Teacher: Mrs Fay
TA's: Mrs Sweetland, Miss Loader and Mrs Hulland. Mrs Rycroft teaches Foxcubs on a Thursday morning.
Welcome to our Foxcubs page.
We are Foxcubs...
We are a mixed Reception and Year 1 class and we always have fun learning. We love learning both indoors and outdoors in our fabulous and always developing outdoor area. We follow the Early Year Foundation Stage Curriculum, focusing on the things that things that the children enjoy, and the National Curriculum in Year 1.
Each day we have a phonics session where we use 'Letters and Sounds' to learn our sounds, letter names and how to blend (read) and segment (spell). We play lots of phonics games and practise writing and saying the sounds in lots of fun ways. We often put on funny voices when we are blending words to help us stay engaged. We are learning phase 2 and phase 3 letters and sounds. After Christmas the year 1's will be learning phase 5 sounds.
Phonicsplay is a website that has free interactive games to help your child learn their sounds.
The video shows you how to say all the sounds in all phases. We start with the phase 2 sounds which go up to ss. The phase 3 sounds start with j and finishes on er and the phase 5 sounds start with ay.
We learn our literacy by focusing on a story book and using it to plan writing and drama activities to really get to know the story inside out. Our reception children will be practising forming letters, writing words, writing their name and learning what makes a sentence and having a go at writing sentences.
- Supporting reading at home
- Find a quiet place to sit together.
- Try to read for at least 10 minutes every day.
- Talk about the book - what you might find inside.
- In the early stages of reading, encourage your child to point to each word.
- If your child gets stuck, you can help them by;
- Pointing to the picture if it is relevant.
- Asking a question to remind them of the context, e.g. Where did they say they were going?
- Re-reading the sentence up to the unknown work to remind them of the context.
- Saying or pointing to the first letter of the word.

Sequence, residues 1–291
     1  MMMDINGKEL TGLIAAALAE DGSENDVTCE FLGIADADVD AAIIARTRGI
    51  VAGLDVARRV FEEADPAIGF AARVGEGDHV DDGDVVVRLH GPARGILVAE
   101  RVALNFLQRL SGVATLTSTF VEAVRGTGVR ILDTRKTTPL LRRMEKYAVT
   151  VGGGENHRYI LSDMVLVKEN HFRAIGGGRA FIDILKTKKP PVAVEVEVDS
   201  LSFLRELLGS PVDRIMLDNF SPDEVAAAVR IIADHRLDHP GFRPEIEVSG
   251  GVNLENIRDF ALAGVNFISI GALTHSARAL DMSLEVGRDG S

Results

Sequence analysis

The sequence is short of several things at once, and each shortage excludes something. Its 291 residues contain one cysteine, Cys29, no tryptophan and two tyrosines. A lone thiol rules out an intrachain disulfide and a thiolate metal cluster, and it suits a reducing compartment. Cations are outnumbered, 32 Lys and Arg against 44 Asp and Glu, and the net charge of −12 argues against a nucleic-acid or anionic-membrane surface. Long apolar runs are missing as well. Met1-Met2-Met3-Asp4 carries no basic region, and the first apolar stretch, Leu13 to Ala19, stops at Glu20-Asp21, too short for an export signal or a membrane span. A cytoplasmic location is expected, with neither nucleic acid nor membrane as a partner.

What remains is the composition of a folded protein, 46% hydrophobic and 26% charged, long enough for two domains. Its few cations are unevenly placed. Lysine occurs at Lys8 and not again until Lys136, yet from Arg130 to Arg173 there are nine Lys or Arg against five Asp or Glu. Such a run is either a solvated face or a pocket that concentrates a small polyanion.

- If the word can be read easily by sounding out the letters, encourage them or help them to do this.
Try not to say that the book as 'too easy' or 'too hard'. Children need a range of reading materials. Any 'easy' book helps them to relax with reading. A difficult book can be read to your child. Both are important.
Our maths sessions are very practical - learning through practical maths activities. We count every day and practise writing numbers.
How you can help at home.
Children at this stage of their learning are making connections between what they learn at school and the mathematics they meet in their everyday lives. The number facts they learn and the understanding they develop will underpin their progress through the rest of their school career. Practising our counting at every opportunity is always a good thing. You can help by making sure when your child is counting how many of something, they match each number as they say to an object by touching it, or moving it - this avoids mistakes.
Playing games - throwing dice, playing dominoes, as well as card games all help children's numeracy at this stage. The need to recognise the numbers of dots or shapes without counting them and also learn to add two or more small numbers.
Reading and writing numbers - help your child to write numbers, starting at the top and running the pencil down the numeral. When your child starts to write 2-digit numbers, be sure to emphasise the value of the first digit, reading 65 as sixty-five, stressing that this is sixty (six tens) and five more. This helps them develop an understanding of place value.
Memorising their number facts - one of the simplest and most effective ways of supporting your child's mathematical understanding is to ensure they have learned their number facts off by heart. These are pairs of numbers which add together to make all of the numbers up to and including ten. For example, children need to know that 6 is 5 + 1, or 4 + 2, or 3 + 3; and that 10 is 5 + 5, or 4 + 6, or 3 + 7, or 2 + 8, or 9 + 1.
Telling the time - help your child to master this difficult skill by taking it in stages. First stress the 'o'clocks'. "It's nearly 5 o'clock, time for tea!"